Ugly Object of the Month — October 2018

By Suzanne Davis, Curator of Conservation

Well, folks, it’s officially fall. The calendar says so, and Ann Arbor actually feels autumnal, too! So what better choice for October’s Ugly Object of the Month than one that celebrates our favorite spooky fall holiday — Halloween.

We’ve previously written about artifacts called “demon bowls” or “incantation bowls” like the one below. Have a look at that, and then …

Interior view of buff colored bowl with pseudo script and two human-like figures.
Ceramic incantation bowl. 17 cm diameter. Seleucia, 4th–7th century CE. KM 33756.

… cast your mind back to the Ghostbusters movies. Do you remember how the Ghostbusters would use energy to suck ghosts into their traps? Incantation bowls were, essentially, ancient ghost traps. If you were troubled by a ghost or demon in your house, you’d place the bowl in an area where the demon was likely to be. (Here’s a tip: they like to hang out in corners.) Or perhaps — if your motives were less pure — you might want to recruit a demon to do something for you. In this case you could use one of these bowls to trawl for a ghost elsewhere, like in a cemetery. The ghost/demon would be lured into the bowl, following the magical, spiraling inscription, and then be trapped, as you see in this example, where the evils spirit is in chains and surrounded by a ring of fire. Pretty. Nifty.

I’m hazy on both the physics of the Ghostbusters’ trap and how the magic of the incantation bowls would actually work, but I can tell you this — the demon bowls sometimes had ghost bait, and we’ve got some here at the Kelsey.

2018-10-02-Ugly_Oct_19050-web
Eggshell ghost bait from Seleucia. 4th–7th century CE. KM 19050.

It’s an inscribed eggshell. It might not look like much, but it was found in a larger ghost-trap assemblage at the site of Seleucia, Iraq. In the corner of a house, one demon bowl was placed right side up, the inscribed eggshell was placed inside, and another demon bowl was placed upside down on top of the first bowl and slightly offset (to leave room for the ghost to get inside). This set-up was designed to work like a triple containment system. Theoretically, the ghost or demon would go all the way into the shell, where it would be bound by the inscription on the shell’s exterior. Meanwhile, the two inscribed incantation bowls provided extra magical entrapment power and security (for the peace of mind a ghost-troubled homeowner needs!). Once the ghost was trapped, the eggshell could be ritually smashed to destroy the evil spirit. Ghost busted!

Ghostbusting is a cross-cultural phenomenon as relevant today as it was two thousand years ago. Happy Halloween!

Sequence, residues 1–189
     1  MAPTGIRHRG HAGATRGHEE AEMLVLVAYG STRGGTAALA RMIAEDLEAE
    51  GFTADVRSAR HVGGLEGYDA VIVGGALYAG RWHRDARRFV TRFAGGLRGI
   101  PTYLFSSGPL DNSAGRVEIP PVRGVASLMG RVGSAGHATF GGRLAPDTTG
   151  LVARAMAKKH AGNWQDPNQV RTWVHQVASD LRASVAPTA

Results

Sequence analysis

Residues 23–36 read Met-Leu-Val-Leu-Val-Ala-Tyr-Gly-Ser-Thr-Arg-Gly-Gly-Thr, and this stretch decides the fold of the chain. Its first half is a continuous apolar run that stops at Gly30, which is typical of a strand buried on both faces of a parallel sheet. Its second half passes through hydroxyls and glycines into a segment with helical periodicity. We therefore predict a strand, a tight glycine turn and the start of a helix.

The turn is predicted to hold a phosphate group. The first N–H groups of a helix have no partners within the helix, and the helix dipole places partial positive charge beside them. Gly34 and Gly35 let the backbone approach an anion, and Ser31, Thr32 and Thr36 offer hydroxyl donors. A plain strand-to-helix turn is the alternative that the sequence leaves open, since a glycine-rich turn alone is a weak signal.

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Can’t get enough of that ancient magic? Check out Traditions of Magic in Late Antiquity, Gideon Bohak’s 1995 online exhibition that features many of the Kelsey’s magical artifacts. There you will find more about demon bowls, magic amulets, and — for the hands-on among you — ancient recipe-books for casting your own spells.

 

Ugly Object of the Month — December 2016

SUZANNE DAVIS, Curator of Conservation

Hello, readers! How are you? I ask because a lot of people I know are feeling tired and stressed. The academic term is ending. Some people have to take a lot of exams, other people have to grade a lot of exams. If you’re a graduate student, you might be doing both. What about your plans for the winter break? All set? Well, that’s great. I’m very pleased for you. Sadly, some of us have not been so organized and now we are really regretting it.

What’s the solution? I’ll tell you, although you might’ve already guessed. Yes, it IS once again time to invite relaxation and happiness into your life by contemplating an ancient, ugly object. Some people might call this kind of activity “procrastination,” but those are not people we care to know at the moment. So enough jibber jabber, let’s get to it.

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Clay figurine of a woman. 3rd–4th century AD. Karanis, Egypt. KM 7525.

I know I say this about every Ugly Object, but this one is really the best. When it was excavated in 1928 in Karanis, Egypt, the excavators described it as a “roughly made mud figurine, small,” and categorized it as a toy. The last bit might not be true, but the rest checks out. The object is made of unfired clay, it’s burned, and it’s broken. Not the best-looking figurine on the block, in other words, but it is surprisingly detailed and well-crafted for something made of mud. It fits easily in the palm of your hand and has a hairdo reminiscent of Bart Simpson’s. The breasts and necklace are carefully delineated, as is decoration around the navel. And, although you can’t see it in this photo, shoulder blades have been modeled on the back.

Was it really a toy? Today, scholars think not. Former IPCAA student Drew Wilburn has studied this figurine as evidence of magic at Karanis, and he writes that it was most likely used as part of a love spell. Although the suggestion is that this spell was compulsive in nature (you know, a spell to make someone fall in love with you), the exact details of the figurine’s use are not easy to determine.

The bottom line, for me, is that it was created in the service of love. Somebody loved somebody else, and wanted it to be reciprocal. We don’t know how things worked out for our ancient, lovelorn friend but, in his or her memory, we can take a few minutes today and in the days that come to send love to people we care about. Thankfully, we don’t need a spell, or a burned mud figurine. Because let’s be honest — it would be hard to top the perfection of this one. Also, now we have texting and Snapchat.